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Welcome to A Writer’s Garden where writers who are gardeners or just love gardens will be sharing their garden and flower stories, as well as a bit about their writing. Today’s writer/gardener guest is Everley Gregg. Everley will be talking about the roses in her life. Welcome, Everley!

As far as gardening talents go, mine are a bit weak. Although I absolutely love delicate flowers like the orchid and cyclamen, I struggle to keep them going. Either I water too much or not enough. Too sunny a window or not enough light. My son gifted me a miniature gardenia for Mother’s Day and I keep hoping I don’t kill it! Nearly two months and it hasn’t bloomed yet…

Roses, however, are tough. Thank goodness this flower is such a sturdy specimen.

Scattered about our home are a number of rose bushes, stubborn, tough ladies I stuck in the ground over the years and then forgot about—until, like magic, they shock me with brilliant blooms every spring. And shock me they do, because by the time they bloom, I don’t even remember what color they were supposed to be. Apparently, the two alongside my walkway are supposed to be red. And red they are—gloriously, brilliant red.

On my front steps, since last summer, was a small pot in which a miniature rose once lived. Poor thing spent the entire winter out there, a single, bare branch sticking up through the snow. Every day when I came and went, the bony, thorned finger pointed at me, accusing me of neglect. This spring, a number of times, my husband asked if he should throw it in the trash.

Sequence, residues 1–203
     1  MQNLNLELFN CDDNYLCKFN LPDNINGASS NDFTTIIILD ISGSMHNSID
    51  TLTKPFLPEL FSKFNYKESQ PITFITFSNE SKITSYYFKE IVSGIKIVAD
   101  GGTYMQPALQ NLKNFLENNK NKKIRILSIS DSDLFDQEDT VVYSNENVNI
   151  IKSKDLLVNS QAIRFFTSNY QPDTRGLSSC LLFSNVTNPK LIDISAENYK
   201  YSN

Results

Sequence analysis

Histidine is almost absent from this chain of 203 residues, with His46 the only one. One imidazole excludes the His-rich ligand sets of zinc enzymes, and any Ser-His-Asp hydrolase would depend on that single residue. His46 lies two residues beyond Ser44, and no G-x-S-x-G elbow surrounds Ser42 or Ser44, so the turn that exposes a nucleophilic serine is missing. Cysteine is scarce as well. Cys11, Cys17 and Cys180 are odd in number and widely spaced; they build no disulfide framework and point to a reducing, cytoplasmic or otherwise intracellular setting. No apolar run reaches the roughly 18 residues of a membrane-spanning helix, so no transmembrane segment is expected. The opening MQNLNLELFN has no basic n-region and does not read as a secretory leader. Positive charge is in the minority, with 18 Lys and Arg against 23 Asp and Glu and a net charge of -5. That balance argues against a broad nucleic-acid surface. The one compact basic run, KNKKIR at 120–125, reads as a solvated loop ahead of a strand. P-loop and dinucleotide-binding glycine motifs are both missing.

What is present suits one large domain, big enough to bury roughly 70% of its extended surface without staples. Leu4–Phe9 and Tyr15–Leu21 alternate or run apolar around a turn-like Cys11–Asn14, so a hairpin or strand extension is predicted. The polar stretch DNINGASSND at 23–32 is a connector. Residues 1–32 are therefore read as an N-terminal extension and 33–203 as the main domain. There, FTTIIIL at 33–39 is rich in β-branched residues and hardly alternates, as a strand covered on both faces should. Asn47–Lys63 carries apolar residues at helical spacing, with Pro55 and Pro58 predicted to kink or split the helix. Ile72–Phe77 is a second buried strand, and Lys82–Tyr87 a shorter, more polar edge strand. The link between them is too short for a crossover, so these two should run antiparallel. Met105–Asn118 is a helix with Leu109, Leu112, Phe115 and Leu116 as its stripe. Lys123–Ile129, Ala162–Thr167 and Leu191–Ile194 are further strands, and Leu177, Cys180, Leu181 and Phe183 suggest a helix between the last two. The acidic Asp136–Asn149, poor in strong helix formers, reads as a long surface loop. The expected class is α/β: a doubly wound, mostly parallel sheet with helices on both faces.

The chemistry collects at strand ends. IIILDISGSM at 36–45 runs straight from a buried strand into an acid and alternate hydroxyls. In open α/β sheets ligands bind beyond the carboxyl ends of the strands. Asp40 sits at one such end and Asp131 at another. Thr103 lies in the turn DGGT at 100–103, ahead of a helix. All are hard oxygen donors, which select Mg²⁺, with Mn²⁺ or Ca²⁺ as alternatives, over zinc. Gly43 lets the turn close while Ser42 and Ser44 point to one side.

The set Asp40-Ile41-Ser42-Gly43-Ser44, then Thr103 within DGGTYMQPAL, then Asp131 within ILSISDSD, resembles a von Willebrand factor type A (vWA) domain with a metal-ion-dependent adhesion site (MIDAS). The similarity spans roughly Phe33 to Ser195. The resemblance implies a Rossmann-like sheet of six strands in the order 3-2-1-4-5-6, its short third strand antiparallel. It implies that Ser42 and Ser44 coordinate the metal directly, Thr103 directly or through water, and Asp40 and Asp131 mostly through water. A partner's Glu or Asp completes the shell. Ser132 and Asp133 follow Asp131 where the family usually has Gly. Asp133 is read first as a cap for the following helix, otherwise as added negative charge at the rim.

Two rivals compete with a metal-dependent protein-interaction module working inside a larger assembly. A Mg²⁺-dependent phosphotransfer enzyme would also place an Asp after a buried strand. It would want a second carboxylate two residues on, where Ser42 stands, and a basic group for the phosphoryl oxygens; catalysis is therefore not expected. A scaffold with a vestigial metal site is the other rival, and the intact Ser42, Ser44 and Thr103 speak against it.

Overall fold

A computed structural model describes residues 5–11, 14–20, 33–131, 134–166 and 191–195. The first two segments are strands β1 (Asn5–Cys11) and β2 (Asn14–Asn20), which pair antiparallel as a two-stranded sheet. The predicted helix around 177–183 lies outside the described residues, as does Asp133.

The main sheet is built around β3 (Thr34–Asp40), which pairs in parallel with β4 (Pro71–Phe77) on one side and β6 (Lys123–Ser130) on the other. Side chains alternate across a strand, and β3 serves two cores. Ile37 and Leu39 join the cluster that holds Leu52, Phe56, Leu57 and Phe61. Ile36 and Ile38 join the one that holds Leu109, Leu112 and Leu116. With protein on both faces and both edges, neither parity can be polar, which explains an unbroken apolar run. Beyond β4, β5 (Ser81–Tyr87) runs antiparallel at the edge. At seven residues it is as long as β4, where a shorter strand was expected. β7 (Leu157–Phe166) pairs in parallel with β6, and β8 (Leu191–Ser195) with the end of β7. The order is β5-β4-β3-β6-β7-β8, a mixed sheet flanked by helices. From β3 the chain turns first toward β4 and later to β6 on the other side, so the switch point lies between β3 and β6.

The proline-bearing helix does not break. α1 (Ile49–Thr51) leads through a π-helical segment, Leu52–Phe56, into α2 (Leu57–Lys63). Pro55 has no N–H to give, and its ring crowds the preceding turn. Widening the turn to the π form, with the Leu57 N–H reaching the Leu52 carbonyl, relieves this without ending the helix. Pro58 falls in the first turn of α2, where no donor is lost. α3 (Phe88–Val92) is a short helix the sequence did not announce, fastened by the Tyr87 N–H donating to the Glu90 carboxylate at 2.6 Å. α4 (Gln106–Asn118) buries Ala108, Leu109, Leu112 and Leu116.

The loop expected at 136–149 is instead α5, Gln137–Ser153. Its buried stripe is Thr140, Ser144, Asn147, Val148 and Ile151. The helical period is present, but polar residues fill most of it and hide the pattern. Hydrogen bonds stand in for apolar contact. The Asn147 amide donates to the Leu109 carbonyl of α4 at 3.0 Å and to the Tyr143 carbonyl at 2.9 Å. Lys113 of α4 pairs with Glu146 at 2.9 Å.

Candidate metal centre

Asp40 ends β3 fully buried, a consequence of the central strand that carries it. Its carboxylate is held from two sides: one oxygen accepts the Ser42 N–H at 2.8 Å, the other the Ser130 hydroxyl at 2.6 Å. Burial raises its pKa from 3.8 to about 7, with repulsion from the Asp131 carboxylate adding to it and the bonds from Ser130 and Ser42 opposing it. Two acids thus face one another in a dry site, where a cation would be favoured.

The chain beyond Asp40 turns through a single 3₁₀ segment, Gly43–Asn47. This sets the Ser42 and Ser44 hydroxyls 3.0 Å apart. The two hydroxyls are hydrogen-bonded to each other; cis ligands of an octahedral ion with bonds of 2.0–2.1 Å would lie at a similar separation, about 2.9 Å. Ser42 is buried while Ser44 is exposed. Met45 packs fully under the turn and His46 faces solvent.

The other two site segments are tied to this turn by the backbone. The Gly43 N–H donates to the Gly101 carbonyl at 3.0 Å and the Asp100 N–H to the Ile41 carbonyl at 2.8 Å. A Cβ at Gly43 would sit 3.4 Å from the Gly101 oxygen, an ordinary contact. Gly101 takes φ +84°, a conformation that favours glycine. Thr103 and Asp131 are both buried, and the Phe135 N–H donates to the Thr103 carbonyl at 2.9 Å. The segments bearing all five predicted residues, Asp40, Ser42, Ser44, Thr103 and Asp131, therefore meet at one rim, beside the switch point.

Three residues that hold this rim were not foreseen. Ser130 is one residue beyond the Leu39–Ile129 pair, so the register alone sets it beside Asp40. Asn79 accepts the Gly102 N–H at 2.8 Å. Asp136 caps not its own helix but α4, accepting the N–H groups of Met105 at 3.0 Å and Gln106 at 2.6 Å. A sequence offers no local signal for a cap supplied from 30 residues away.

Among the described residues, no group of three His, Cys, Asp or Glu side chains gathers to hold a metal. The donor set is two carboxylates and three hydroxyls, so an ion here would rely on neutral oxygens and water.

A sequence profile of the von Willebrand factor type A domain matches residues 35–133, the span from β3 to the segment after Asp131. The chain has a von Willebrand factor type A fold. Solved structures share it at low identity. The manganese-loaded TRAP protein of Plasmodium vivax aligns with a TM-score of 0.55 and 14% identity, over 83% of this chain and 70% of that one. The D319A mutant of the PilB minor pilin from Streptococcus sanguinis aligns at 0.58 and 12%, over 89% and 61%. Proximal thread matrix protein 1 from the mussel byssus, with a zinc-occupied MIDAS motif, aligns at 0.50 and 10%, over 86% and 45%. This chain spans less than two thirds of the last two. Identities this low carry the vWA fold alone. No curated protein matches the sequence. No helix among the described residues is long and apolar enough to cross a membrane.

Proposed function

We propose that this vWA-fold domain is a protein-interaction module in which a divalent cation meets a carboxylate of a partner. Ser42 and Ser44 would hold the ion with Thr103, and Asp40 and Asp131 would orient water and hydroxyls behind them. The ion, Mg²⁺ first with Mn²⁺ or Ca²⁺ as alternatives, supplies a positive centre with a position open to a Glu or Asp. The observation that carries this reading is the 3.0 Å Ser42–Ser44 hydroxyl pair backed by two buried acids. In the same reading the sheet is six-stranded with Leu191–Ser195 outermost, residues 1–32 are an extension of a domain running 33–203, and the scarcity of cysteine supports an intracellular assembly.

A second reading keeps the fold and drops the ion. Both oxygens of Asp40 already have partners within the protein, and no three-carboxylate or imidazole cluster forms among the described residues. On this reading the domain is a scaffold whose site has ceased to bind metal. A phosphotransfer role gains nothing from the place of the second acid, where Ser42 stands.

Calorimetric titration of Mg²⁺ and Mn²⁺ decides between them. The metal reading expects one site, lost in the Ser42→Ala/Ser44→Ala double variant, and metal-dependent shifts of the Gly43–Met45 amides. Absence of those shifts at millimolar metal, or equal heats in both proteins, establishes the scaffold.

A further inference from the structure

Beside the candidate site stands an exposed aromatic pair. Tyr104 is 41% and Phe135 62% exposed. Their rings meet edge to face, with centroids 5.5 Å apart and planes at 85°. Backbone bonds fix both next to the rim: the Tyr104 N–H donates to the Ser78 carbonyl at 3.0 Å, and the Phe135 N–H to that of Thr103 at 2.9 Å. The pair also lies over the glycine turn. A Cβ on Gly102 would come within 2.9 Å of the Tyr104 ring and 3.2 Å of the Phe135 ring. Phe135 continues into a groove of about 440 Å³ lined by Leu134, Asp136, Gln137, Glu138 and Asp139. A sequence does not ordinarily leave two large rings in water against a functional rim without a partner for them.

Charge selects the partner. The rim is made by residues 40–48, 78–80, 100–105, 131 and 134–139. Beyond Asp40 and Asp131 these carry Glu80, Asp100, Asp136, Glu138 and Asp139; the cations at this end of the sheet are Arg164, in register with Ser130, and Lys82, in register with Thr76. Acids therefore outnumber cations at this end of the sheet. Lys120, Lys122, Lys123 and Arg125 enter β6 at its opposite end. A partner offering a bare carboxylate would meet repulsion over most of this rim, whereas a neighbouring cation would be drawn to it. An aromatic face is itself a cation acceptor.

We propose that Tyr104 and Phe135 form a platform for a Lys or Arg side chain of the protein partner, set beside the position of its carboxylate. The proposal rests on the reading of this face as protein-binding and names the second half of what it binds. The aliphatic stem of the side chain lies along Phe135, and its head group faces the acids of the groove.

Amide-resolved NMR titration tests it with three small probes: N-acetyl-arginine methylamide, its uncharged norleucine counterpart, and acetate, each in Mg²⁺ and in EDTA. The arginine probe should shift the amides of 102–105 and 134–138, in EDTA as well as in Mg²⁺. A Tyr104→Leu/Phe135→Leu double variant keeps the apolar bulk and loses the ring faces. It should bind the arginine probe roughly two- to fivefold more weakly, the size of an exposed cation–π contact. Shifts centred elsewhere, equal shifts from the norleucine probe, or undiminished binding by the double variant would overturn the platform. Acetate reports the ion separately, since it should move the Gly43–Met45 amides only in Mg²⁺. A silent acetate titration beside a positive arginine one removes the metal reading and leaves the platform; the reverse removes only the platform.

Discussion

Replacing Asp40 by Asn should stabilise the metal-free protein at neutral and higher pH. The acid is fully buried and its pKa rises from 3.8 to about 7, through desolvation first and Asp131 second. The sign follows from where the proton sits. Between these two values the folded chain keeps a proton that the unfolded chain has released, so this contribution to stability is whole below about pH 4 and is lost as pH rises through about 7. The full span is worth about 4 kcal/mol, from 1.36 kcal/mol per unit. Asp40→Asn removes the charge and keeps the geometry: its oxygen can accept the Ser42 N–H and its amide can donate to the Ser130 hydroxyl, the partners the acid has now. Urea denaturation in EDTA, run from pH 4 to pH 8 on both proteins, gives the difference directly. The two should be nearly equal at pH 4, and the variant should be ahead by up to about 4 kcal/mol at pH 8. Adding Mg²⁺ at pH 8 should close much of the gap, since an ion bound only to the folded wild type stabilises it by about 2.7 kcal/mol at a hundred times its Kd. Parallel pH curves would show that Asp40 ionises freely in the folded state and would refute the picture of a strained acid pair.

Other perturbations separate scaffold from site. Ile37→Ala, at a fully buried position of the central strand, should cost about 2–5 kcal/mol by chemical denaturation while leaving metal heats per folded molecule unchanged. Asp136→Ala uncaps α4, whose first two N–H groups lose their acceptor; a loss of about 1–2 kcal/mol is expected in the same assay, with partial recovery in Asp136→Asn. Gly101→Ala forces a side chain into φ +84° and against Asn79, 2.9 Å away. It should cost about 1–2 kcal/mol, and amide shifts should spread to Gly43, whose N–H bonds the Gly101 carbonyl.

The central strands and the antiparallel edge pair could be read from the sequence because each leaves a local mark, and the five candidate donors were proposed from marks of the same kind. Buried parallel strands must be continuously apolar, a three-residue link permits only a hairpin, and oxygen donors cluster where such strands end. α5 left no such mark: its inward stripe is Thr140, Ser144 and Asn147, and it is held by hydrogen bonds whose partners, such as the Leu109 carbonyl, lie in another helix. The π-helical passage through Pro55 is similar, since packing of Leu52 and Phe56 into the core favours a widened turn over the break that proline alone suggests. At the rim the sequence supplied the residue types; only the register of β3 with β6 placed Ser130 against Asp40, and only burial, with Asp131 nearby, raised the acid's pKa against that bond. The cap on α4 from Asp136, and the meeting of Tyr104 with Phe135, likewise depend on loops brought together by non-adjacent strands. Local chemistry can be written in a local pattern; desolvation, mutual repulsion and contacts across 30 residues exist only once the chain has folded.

“You know, honey, I think that plant on the porch is dead. Do you want me to—”

“No. I’ll take care of it.”

I’m so glad the rose heard him. A few days later, tiny green leaves appeared on that bony finger.

Just last week we transplanted the struggling plant into a bigger pot, with new soil and a sunnier location—on a roller thingy so I can move it inside when winter comes. Just look at it now! It’s even got a bud on it. I wonder if these blooms will be red, like the others?

There is another red rose that has come into my life. Her name is Rose Diamond.

In 2019, I suffered a debilitating shoulder injury that cost me my career as well as many other activities I’ve enjoyed all my life: fishing, golfing, archery, bowling. My favorite sport by far, though, was riding horses. I started riding at the age of eight, and since adulthood, spent very few years “horseless.” I was informed I would likely never ride again.

So what did I do, at the tender age of 63, with limited use of my dominant right arm, when the doctors delivered this damning decree? I bought a horse.

And yes, her name is Rose Diamond. Brilliant red she is, and a diamond through and through. We snapped this photo the day she came home, my daughter showing her off.

With the help of a skilled and sympathetic occupational therapist who specializes in the equestrian sport, I now have dreams of riding again—on my Rose. Honestly, since she came into my life last fall, there were many times when she was the only thing keeping me going. Animals have almost supernatural healing powers. Horses are no exception.

Writing—my other passion, almost as essential as breathing—has been a challenge with a “stupid” right hand. But much like that stubborn rose on my front porch, I persevere. My latest romance series is medieval historical. Is it any wonder the book I was working on when Rose cantered into my life was entitled “The Knight and the Rose”? Mayhap. It is the second in my series called Forgotten Flowers of Flanders, published by Dragonblade Publishing.